Labor wants customer consent for offshore data storage

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Labor wants customer consent for offshore data storage

Jurisdictions could be banned from hosting Aussie data.

The Australian Labor Party has added new privacy provisions to its national policy platform that would force businesses to obtain consent from customers before hosting personal data in offshore cloud facilities.

The policy amendments would also see businesses and other organisations banned from hosting data in facilities located in jurisdictions that don’t match up with Australian privacy protections.

At the ALP national conference over the weekend, party members voted to add four new privacy positions to the Labor platform, including a resolution that Australians "retain ownership of their personal information".

"It is essential that Australians can have confidence that their information is securely stored and accessed and in ways that enshrine their rights as they exist under Australian law," the resolution read.

When in government, Labor passed a revision of the Privacy Act that gave the Privacy Commissioner new powers to fine businesses up to $1.7 million for serious breaches.

Its latest policy stance restates the party's commitment to demand organisations declare in a publicly-accessible privacy policy whether and where they store customer data offshore.

However, the new additions could potentially add onerous new regulations to the use of offshore cloud computing if Labor was to regain government and pass its new privacy demands into law.

The party's position is to require “entities who intend to store or allow access to Australians' personal information offshore secure the permission of those Australian before doing so”.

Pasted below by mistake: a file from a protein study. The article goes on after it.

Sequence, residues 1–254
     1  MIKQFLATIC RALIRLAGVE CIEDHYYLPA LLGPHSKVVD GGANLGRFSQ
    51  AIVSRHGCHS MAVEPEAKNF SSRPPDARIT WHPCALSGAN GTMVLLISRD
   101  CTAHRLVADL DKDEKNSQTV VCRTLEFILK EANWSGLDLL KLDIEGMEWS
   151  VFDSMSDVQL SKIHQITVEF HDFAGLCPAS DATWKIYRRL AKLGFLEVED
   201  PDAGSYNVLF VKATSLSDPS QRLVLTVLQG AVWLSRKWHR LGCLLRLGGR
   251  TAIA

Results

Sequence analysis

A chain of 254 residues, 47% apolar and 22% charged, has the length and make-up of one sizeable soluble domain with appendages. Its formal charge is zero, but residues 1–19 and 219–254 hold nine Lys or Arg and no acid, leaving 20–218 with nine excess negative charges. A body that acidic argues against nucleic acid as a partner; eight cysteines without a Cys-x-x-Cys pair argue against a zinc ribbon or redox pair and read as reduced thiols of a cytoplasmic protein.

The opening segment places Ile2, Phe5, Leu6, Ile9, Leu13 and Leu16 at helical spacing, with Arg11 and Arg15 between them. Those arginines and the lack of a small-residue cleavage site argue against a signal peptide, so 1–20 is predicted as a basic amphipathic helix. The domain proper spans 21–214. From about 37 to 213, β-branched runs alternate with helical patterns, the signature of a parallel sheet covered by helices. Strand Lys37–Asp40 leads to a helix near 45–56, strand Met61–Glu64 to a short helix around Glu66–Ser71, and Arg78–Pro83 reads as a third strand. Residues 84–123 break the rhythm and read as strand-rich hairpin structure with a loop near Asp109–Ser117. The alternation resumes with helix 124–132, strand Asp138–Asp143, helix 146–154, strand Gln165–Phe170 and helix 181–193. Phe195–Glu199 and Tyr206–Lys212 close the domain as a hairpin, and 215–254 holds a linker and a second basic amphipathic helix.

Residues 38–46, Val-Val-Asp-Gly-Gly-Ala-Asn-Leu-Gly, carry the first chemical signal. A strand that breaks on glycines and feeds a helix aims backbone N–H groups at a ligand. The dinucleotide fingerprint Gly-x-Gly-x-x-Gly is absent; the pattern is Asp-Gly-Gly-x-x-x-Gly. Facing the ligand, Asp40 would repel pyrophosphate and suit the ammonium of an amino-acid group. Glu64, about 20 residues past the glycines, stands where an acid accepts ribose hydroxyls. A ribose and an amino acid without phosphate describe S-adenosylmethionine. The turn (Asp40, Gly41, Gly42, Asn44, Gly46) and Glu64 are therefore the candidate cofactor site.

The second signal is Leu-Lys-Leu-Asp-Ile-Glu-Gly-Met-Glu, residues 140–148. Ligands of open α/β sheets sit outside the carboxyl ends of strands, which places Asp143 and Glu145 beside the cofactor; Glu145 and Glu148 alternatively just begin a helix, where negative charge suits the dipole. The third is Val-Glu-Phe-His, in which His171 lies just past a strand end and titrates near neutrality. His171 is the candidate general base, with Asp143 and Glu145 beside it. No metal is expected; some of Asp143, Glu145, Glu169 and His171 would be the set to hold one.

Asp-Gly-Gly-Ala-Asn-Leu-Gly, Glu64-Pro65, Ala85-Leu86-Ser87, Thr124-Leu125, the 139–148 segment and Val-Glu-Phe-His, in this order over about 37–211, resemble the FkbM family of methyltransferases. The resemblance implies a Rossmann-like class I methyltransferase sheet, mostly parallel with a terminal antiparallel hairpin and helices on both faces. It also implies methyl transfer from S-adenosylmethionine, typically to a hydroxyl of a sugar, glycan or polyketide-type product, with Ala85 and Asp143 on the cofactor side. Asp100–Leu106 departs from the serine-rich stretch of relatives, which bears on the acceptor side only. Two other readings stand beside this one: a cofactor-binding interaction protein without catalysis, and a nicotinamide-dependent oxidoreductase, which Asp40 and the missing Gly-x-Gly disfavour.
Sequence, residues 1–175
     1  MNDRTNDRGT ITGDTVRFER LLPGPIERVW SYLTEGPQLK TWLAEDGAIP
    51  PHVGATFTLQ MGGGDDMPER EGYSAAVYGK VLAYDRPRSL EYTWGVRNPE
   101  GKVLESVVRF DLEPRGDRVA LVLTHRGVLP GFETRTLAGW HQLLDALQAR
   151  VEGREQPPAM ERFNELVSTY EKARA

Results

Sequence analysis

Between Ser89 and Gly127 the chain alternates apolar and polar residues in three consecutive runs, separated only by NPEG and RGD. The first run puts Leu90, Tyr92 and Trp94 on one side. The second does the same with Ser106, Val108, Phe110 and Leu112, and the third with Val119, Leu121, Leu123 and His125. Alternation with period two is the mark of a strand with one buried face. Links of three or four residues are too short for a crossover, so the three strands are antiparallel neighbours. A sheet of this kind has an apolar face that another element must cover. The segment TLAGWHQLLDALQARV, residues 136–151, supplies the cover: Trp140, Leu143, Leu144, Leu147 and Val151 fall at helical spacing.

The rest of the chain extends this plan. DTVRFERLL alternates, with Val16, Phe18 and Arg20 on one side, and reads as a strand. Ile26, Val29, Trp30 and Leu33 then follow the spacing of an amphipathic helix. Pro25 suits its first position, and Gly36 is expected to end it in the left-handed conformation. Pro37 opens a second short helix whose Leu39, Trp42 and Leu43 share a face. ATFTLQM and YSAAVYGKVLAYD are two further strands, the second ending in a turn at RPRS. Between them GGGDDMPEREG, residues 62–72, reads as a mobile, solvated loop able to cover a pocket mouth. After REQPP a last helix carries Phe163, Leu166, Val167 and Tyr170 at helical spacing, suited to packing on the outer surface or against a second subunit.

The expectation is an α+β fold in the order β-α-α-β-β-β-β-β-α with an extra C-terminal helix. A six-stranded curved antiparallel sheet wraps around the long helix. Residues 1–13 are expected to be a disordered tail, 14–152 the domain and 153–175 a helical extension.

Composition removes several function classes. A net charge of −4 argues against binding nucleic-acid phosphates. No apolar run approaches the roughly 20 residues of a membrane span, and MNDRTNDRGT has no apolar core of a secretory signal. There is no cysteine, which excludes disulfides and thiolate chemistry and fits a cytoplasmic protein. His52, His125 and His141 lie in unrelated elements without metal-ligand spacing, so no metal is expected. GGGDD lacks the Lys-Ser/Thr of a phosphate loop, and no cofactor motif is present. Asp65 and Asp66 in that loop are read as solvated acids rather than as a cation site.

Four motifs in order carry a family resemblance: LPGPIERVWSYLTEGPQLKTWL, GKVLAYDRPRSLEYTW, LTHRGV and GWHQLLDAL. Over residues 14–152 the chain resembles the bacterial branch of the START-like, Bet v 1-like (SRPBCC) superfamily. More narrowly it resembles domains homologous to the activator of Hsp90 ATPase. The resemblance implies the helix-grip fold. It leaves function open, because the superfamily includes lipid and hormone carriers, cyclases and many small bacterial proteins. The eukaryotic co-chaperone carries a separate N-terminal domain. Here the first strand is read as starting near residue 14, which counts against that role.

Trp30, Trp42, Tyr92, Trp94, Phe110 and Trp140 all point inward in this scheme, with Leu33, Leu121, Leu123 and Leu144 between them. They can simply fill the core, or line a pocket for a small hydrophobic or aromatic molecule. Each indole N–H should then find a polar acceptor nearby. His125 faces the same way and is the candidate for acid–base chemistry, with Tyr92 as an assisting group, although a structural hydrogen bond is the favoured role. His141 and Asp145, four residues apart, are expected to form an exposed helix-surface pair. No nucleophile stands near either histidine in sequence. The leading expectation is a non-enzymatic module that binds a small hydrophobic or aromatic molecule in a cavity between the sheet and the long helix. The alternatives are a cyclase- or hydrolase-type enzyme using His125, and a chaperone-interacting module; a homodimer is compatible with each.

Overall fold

Labor also expects “entities storing or allowing access to Australians' personal information do so safely and securely where the rights of Australians in offshore jurisdictions is at least equal to those rights under Australian law”.

The existing Privacy Act adopts what is essentially an opt-out system where consent is implied if a customer chooses to provide their data to a business after accessing information on its offshore activities.

The Act also currently places the onus on businesses to satisfy themselves offshore storage arrangements are in keeping with their obligations under Australian law, and to fortify these responsibilities in any contracts they sign with cloud providers.

It does not, however, go as far as banning any particular location outright.

During its national conference, the ALP also said it would review the current government’s telecommunications data retention scheme if re-elected.

A review into the scheme - to be conducted 18 months following its commencement - is included in the existing legislation. Labor supported the passage of the laws through government.

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